Twitter engagement is pretty low in general, and it gets worse the more followers you get. A small business with 100 followers might get 1 retweet per tweet, and that’s a 1% engagement rate. Meanwhile the most followed account on Twitter, Katy Perry’s, gets around 4,000 retweets per tweet, out of 90 million followers. That’s a fraction of a hundredth of a percent, barely even a blip on the radar.
Engagement is also incredibly important. Retweets get your content seen in front of more people. Likes show you who is enjoying your content enough to give it an acknowledgement. Replies help spur conversation, which can pull in more people and make the people already engaged more invested in the conversation.
Rather than focus on how to grow an audience, you should take some time to figure out what makes your current audience tick. What powers them, what gets their blood flowing, what makes them want to engage with your content?
I’ve come across a lot of different tips in my research, but I’ve been able to categorize them more or less into these nine groups. Each is an area of your marketing you should be able to optimize, if you give it some thought.
1. Your Account Presence
The first section is all about your profile, your bio, your appearance, and how you present yourself on Twitter. It’s all passive information, it has nothing to do with your content, but it’s very important.
Think about the standard new user egg profile picture. Who wants to trust or follow someone who can’t be bothered to change their profile?
- Make sure your biography section is interesting and snappy. Use decisive action words and exotic descriptions, but only so long as they’re accurate. Avoid cliché words like guru. Remember that this is searchable both in Twitter search and Google search.
- Make sure you have a relevant avatar. Often times this should be a smiling photo, though some entities and brands don’t have that luxury. Use a person whenever possible, and if you must resort to a logo, change it up from time to time.
- Make your top banner extremely interesting. It shouldn’t be relied upon to convey information, so just make it a good picture that features you, your product, or your aesthetic.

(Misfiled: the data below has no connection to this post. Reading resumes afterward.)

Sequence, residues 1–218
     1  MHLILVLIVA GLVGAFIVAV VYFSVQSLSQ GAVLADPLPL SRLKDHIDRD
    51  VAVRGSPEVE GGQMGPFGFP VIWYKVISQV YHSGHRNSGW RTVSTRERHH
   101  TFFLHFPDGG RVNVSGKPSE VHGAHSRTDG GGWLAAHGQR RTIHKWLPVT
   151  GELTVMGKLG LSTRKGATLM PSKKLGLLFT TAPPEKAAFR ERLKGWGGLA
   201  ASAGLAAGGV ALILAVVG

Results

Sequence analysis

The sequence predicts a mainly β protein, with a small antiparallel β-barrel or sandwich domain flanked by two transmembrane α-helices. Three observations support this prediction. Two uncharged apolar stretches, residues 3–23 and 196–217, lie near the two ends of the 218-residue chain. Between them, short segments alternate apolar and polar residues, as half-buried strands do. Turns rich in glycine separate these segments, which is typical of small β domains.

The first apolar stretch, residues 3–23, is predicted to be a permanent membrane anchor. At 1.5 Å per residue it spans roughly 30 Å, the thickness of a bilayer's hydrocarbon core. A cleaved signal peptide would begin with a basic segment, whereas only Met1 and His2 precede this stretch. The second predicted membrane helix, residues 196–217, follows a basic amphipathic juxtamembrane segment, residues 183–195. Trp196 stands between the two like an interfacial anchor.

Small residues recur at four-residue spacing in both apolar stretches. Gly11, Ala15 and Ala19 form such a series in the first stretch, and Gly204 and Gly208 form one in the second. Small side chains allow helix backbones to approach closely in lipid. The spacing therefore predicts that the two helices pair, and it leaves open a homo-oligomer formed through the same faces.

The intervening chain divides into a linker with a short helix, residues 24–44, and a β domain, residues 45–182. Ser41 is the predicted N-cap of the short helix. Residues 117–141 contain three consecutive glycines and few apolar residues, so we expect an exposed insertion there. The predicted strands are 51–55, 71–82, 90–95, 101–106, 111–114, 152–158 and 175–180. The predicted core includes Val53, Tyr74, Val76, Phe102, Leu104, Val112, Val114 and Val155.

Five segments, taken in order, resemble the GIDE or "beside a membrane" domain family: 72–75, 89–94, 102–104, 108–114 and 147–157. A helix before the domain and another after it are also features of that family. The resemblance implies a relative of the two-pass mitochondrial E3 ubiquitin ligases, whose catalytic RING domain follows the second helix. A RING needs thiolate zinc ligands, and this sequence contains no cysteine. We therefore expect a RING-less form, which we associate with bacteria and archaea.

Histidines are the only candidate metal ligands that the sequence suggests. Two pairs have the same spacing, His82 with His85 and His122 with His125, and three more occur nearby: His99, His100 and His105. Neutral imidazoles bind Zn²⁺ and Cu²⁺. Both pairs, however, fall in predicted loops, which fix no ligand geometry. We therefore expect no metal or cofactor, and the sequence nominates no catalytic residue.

Every few months, review all of the above and check to see if it needs to be updated. Bio is most likely to be updatable, but profile picture can also be changed with relative frequency, so long as you remain identifiable.
2. Initiate Engagement
The second section is all about initiating interaction on your part. The idea is pretty simple; when people know you’re active and can see that you like chatting and responding to people, they’ll be more likely to interact with you. I know one of the main reasons I don’t reply to some tweets is because I know the poster is unlikely to ever acknowledge me.
Engagement breaks down into three categories. You should do each of them.
- Reply to tweets made by others. Replying to interesting and insightful tweets is a great way to get people paying attention to you as a person on Twitter. They start to notice that this guy keeps saying interesting things, and will check you out to return the favor.
- Like tweets made by others. Likes are the bare minimum level of engagement possible, so they’re great for simple agreements and acknowledgements. They should be your most used form of engagement; hand them out like candy.
- Retweet content posted by others. This is possibly the most intensive form of engagement because it allows for an entire comment on top of the retweet, and it shows up to your followers, unlike a reply or a like. Retweet sparingly, but do it to emphasize great content you think your followers want to see.